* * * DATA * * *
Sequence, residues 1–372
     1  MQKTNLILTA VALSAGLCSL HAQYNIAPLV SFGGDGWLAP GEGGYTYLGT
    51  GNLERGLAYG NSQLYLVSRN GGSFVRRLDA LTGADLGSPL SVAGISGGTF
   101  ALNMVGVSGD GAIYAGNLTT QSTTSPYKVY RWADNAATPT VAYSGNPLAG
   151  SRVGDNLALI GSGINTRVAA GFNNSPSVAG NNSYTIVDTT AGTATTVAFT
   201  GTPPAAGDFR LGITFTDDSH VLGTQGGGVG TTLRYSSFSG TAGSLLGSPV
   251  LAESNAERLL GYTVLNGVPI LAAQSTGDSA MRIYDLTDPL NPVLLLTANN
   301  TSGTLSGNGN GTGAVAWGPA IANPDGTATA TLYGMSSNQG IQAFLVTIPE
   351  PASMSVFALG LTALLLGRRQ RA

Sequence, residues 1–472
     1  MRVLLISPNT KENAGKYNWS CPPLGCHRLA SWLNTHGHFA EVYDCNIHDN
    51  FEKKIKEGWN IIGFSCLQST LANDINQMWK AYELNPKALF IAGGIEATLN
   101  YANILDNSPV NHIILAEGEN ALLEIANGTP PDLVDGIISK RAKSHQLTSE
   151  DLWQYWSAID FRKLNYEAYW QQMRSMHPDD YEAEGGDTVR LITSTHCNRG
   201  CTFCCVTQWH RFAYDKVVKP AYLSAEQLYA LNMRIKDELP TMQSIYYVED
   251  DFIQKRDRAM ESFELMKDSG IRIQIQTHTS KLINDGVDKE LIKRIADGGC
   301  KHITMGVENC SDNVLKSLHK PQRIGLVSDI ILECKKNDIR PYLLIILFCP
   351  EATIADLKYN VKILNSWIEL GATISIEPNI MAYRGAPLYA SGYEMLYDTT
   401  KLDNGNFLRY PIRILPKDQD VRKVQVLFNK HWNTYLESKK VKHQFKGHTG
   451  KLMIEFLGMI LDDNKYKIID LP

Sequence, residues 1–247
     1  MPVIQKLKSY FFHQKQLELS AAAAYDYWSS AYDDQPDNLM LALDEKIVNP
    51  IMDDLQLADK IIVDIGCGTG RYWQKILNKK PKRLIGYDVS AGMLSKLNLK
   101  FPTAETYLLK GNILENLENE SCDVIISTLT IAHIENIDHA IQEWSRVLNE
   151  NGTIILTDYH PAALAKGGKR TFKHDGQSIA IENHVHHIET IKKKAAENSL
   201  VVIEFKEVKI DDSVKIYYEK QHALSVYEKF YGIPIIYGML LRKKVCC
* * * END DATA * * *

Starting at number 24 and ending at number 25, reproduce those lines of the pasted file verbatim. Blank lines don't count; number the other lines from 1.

   101  FPTAETYLLK GNILENLENE SCDVIISTLT IAHIENIDHA IQEWSRVLNE
   151  NGTIILTDYH PAALAKGGKR TFKHDGQSIA IENHVHHIET IKKKAAENSL